Anything tangible or intangible, that costs money is evaluated very carefully and used equally carefully in India. This means expenses are controlled and kept as low as possible. The scenario in energy consumption in India is no different. It is not surprising that the per capita energy consumption figures are very low inspite of high rate of development now taking place.
Conventional sources are depleting, and even those coal based projects that are located at pit-mouth (for instance, in Jharkhand, WB) have only paltry stocks as fuel reserve. The solution is either to import coal and gas, or look towards other non-conventional sources.
India is blessed with an abundance of sunlight, water and biomass. What vigorous efforts during the past two decades have done is that people in all walks of life are more aware of the benefits of renewable energy, especially decentralized energy where required in villages and in urban or semi-urban centers. India has the world's largest programme for renewable energy as well.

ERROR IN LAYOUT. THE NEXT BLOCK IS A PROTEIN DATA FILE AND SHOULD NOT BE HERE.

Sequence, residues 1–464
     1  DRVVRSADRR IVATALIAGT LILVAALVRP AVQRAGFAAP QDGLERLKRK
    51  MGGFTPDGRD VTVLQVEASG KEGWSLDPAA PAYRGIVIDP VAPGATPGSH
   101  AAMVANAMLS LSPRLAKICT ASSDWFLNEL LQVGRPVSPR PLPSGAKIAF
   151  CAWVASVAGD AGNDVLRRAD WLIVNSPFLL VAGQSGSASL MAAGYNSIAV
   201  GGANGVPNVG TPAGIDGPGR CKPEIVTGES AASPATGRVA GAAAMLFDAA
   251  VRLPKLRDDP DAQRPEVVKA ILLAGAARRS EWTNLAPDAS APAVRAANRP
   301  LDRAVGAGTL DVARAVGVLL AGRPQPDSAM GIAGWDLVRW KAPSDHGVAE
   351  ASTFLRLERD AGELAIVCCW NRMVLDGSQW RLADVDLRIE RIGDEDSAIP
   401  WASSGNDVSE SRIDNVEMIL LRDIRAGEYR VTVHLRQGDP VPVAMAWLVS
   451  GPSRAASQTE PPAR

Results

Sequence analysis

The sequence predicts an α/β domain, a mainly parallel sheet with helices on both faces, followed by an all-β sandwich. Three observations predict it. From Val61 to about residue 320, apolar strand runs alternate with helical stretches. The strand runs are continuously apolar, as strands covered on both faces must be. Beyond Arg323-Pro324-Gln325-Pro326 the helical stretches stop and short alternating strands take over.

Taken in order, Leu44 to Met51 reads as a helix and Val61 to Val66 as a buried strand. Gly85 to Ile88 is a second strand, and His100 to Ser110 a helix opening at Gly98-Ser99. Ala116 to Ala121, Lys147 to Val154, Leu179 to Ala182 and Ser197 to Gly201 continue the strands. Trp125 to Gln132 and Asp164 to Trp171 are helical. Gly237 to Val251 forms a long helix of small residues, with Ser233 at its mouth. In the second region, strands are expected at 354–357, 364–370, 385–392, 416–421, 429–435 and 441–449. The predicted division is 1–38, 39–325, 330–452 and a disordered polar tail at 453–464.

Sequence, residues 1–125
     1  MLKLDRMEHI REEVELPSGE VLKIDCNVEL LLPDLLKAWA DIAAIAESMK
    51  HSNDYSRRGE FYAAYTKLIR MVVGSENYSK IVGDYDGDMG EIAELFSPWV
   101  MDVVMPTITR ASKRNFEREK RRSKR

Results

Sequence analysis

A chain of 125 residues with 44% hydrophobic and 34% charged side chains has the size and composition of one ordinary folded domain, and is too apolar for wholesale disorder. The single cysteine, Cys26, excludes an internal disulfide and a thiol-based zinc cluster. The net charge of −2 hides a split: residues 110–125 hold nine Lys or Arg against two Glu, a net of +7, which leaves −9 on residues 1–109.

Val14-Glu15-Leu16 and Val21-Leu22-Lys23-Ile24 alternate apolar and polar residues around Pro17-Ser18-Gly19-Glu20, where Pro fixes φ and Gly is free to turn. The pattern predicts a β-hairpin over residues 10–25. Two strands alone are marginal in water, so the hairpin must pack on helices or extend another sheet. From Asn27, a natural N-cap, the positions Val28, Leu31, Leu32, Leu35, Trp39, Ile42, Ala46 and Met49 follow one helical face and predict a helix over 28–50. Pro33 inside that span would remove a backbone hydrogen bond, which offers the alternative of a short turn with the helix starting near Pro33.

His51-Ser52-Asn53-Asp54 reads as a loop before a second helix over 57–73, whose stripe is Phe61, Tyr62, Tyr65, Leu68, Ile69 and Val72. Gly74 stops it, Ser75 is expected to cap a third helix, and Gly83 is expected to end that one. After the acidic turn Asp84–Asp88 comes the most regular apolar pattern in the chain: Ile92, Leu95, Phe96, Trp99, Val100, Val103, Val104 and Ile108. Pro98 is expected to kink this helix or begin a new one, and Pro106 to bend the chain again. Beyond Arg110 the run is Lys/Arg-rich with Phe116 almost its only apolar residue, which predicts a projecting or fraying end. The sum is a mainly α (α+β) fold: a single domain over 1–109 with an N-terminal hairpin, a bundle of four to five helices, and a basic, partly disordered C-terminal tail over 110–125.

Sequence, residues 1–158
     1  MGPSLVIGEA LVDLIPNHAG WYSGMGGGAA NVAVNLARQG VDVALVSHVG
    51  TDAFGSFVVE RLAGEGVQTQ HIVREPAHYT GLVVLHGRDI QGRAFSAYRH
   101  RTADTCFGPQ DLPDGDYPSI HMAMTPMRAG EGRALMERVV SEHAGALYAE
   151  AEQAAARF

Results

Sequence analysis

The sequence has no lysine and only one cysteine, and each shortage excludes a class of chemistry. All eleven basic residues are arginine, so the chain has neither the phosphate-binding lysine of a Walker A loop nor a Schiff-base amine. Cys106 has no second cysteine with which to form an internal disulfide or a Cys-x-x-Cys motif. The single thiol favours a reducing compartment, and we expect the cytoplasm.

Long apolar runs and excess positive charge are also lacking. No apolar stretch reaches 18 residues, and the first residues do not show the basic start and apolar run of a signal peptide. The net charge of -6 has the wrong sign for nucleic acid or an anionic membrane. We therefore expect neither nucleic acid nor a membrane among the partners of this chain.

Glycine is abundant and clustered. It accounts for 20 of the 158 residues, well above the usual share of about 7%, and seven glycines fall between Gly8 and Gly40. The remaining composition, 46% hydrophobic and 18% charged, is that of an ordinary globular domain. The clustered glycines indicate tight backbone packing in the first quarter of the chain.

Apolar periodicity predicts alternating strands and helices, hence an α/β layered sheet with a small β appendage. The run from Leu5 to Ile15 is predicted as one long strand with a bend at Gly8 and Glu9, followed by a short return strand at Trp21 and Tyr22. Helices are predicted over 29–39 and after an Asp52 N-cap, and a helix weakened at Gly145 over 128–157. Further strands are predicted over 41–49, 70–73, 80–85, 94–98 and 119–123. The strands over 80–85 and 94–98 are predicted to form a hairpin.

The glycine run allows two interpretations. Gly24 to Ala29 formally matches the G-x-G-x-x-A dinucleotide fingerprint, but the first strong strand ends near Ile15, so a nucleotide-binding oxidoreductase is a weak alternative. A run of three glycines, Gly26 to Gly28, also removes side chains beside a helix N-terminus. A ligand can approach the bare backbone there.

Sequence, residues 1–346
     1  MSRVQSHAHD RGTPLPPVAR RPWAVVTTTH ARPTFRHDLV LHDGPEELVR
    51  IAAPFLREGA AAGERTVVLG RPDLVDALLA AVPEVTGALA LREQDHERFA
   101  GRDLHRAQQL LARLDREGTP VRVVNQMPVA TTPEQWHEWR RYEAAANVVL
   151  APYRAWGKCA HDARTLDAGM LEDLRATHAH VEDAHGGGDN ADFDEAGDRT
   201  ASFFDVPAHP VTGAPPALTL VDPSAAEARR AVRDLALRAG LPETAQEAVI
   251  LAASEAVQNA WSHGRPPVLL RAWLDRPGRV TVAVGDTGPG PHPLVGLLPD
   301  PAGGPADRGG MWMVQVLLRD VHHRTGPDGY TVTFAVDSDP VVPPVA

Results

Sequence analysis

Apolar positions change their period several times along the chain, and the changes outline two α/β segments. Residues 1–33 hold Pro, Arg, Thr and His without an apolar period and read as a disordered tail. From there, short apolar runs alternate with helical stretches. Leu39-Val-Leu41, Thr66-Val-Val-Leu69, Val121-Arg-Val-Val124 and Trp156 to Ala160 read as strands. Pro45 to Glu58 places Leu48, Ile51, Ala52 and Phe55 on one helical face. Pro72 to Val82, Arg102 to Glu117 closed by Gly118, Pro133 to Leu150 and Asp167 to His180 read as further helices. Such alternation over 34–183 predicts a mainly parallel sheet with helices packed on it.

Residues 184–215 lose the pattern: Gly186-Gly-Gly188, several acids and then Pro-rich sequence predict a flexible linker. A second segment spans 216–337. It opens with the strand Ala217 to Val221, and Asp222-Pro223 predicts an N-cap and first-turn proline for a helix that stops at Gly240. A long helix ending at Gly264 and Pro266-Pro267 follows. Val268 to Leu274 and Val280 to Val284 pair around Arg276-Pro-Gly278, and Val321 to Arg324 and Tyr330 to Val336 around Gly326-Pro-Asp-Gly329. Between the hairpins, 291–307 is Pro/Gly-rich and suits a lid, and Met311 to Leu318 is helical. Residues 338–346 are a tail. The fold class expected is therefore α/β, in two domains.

However, a critical issue is that most of the capital allocated to such initiatives does not reach the intended target. A major share of this capital is consumed trying to make policies and trying to figure out what should be done. Policymakers' lack of clarity and gap between state and centre leads to unwarranted delay too.
What is required is a "learn as you go" approach, thereby reducing time-to-market, and inculcate a sense of continuity for the plans.